Can We Live Together?
Yes, we can but it’s going to take work
- Jerry Pinto
This pamphlet began inside my head decades ago when
I tried to sleep on an ominously quiet night in riot-torn
Mahim in the winter of 1992. All my life the roar of
traffic has lulled me to sleep. Through the dark days
of December 1992, the economic engine of India’s
economic capital was no longer growling past my balcony.
I wondered then at the fragile construction that is
a city. City-dwellers live, popular anthropologist Desmond
Morris would say, in conditions that no enlightened
zookeeper would tolerate in his zoo. And he was talking
about western cities. What would he say about Mumbai
where millions are packed into a landmass meant for
one-third that number? Where the rules for the transport
of cattle make their journey more comfortable than the
daily commute of most workers in the city? Where the
air is filthy and the water supply is fitful and the
parks are brown and the beaches covered with plastic?
Where tempers skate over paper-thin veneers of tolerance
and compromise? Where each day temple bells ring out
and the azaan is called and the politicians watch for
the next opportunity to divide and rule?
And I wondered: Can we live together?
It is not a question to which I have found any answers
though I hope the answer is that we can. I often feel
that we don’t have a choice. We must find a way
to live together or we will find ourselves living through
a civil war that will knock us to our knees.
I believe that we can live together physically once
we begin to make space for each other in our minds.
If I can find a small place in your head, a space that
will accommodate not just my smile and the covered plate
of food that I brought on the day that you were ill,
not just a space for my old mother’s willingness
to baby sit your children, but a space that accommodates
my need to ring bells at odd times and eat strange food
and perform odd rituals, a space in which you can let
me be me. If I can find that space in your head, perhaps
I can find a space for you in my head. In that space,
I will accommodate the memory of your car and how you
brought it out in the middle of the night to take my
mother to hospital and I will accommodate your peculiar
habits and your difference from me.
I know it is not easy.
But as Gandhiji says, “Decency and toleration,
to be of any value, must be capable of standing the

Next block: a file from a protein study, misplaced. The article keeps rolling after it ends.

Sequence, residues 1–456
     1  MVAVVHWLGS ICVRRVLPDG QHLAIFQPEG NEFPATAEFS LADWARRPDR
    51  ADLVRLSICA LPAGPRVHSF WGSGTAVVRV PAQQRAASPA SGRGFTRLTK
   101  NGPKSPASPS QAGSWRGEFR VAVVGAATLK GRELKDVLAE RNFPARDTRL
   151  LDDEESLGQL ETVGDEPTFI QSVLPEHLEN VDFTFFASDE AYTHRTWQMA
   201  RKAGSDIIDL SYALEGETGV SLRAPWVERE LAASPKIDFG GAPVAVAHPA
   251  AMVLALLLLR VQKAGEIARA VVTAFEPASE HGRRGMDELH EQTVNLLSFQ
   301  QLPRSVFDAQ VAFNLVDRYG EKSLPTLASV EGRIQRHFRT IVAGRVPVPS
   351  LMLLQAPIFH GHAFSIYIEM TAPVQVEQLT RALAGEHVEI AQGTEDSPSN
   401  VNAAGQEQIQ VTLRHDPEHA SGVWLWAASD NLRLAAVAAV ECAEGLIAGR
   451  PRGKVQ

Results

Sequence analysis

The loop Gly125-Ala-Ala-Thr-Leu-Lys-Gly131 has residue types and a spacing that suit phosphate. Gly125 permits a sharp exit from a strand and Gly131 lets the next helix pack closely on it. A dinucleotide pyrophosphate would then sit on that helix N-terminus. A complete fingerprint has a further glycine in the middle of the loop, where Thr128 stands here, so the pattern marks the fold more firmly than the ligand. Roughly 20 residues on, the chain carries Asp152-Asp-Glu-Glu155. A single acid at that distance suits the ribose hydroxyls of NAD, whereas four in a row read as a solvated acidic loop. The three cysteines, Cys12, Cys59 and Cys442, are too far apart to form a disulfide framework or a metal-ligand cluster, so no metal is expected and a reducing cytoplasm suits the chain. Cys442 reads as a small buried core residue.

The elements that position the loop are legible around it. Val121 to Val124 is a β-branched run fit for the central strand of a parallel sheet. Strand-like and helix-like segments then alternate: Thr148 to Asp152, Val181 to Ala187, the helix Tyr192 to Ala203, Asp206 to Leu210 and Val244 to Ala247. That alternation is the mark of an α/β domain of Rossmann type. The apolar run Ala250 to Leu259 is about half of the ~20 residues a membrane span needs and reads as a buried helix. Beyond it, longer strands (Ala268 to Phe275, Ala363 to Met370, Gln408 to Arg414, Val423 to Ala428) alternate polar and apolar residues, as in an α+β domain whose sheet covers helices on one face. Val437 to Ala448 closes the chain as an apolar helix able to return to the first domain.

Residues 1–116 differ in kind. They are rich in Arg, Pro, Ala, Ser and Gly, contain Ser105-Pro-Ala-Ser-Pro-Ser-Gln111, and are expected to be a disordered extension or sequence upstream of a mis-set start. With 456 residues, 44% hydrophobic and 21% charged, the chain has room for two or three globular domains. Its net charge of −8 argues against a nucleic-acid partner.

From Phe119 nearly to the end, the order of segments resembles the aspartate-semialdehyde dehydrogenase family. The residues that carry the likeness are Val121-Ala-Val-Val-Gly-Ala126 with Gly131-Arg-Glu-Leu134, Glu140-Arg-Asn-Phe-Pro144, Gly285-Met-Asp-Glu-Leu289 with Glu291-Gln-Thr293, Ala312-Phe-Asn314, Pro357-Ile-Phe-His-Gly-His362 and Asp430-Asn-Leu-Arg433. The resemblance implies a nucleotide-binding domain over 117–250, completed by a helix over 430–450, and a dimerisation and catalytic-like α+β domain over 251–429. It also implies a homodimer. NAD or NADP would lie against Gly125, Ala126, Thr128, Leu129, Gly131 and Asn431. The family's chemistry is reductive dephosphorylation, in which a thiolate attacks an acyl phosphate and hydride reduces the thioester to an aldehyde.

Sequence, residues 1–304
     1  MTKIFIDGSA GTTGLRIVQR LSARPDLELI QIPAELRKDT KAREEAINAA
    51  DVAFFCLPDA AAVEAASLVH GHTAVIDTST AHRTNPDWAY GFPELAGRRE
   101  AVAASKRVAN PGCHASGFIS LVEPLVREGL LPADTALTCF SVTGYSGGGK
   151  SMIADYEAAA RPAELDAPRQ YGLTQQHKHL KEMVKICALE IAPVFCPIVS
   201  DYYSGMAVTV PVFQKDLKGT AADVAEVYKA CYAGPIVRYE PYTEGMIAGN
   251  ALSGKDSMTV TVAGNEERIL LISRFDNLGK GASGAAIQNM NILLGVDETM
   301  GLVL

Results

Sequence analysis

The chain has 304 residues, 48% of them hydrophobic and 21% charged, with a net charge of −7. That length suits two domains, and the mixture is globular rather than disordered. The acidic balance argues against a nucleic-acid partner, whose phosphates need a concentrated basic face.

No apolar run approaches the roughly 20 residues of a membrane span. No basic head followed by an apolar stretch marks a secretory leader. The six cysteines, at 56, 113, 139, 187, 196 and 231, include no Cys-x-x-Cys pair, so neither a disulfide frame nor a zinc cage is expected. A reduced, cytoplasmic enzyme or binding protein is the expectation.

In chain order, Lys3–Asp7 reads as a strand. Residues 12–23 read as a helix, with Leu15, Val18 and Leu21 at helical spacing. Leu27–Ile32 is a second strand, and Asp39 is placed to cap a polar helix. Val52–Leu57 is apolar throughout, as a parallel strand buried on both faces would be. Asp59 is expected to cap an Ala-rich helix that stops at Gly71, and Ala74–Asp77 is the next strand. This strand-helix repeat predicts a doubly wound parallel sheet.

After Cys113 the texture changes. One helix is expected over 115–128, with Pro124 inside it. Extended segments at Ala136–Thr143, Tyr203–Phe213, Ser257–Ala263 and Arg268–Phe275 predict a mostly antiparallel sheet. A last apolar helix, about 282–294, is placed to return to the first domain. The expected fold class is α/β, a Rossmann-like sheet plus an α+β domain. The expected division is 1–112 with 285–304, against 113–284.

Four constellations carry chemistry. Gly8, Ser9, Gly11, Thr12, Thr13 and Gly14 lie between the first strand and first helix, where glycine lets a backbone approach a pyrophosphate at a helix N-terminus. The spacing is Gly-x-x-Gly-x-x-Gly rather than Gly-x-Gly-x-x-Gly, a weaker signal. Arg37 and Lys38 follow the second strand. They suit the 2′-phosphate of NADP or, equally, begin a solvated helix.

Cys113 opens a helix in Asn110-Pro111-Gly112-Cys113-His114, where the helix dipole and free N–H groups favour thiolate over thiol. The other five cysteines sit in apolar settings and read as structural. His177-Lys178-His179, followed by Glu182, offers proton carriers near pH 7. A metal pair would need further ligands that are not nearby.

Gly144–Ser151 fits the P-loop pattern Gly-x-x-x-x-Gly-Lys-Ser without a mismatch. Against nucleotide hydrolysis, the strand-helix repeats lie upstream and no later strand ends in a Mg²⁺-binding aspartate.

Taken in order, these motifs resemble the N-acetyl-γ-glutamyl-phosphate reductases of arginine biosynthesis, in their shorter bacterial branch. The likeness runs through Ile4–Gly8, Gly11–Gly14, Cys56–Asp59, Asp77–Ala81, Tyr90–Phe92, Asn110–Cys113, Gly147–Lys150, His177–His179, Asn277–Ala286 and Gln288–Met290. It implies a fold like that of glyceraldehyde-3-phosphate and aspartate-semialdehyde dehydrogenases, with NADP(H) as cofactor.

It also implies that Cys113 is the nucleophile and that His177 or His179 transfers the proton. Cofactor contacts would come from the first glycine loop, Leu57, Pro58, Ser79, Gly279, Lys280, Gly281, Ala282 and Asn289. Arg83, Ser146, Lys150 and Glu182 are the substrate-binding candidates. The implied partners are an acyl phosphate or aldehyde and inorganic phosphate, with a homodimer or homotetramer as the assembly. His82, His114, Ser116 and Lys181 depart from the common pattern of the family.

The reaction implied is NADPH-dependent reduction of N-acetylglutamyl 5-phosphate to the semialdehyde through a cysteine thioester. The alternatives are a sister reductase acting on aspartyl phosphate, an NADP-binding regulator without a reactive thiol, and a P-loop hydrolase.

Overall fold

severest strain.” He was right.
It’s easy to be tolerant when we’re all
wearing the same clothes and drinking the same milk
shakes and eating the same dosas. It’s difficult
to be tolerant when Ahmed wants to sacrifice a goat
or Naresh wants to set off firecrackers all night or
Santan wants to ring the bells of the church at midnight.
It’s difficult but it’s worth it.
Should you ever travel in India, you will see how spectacularly
it is worth it. Few other countries have such a richness
of architecture, such a diversity of cultures, such
a range of cuisines, such a tangle of faiths, such polyphony
of sounds. This is no accident. It is the result of
hundreds of years of acceptance. It is the result of
our civilisation’s unparalleled ability to assimilate
other cultures, other ways of living.
We like to believe that this happened effortlessly in
the past and now it’s different and we’re
making heavy weather of it. I don’t think it ever
happened effortlessly. I think it took time and pain
and compromise. No one could see when the Jesuits came
to Akbar’s court that they were going to revolutionise
Indian cooking by introducing potatoes and chillies
to us. No one who suffered the sword of the mighty Mughal
could see how it would change our landscape, leaving
behind the Taj Mahal and the sweetness of Urdu. No one
who heard the first violin being played could have imagined
that it would become an integral part of Carnatic music.
No one who sipped the first tea could imagine that chai
would become our national drink.
But eventually, these things did settle down and become
Indian. The chilli belongs to us as chai does as does
the violin as does disco dandiya. They are ours because
we made space in our minds and hearts for them.
Can we do that for the man next door?
I hope we can. He has much to offer, although he bundles
it up with some bits and pieces we wish we could do
away with. But that’s how he comes: a mixed blessing.
And think about it for a moment. Aren’t you a
mixed blessing yourself?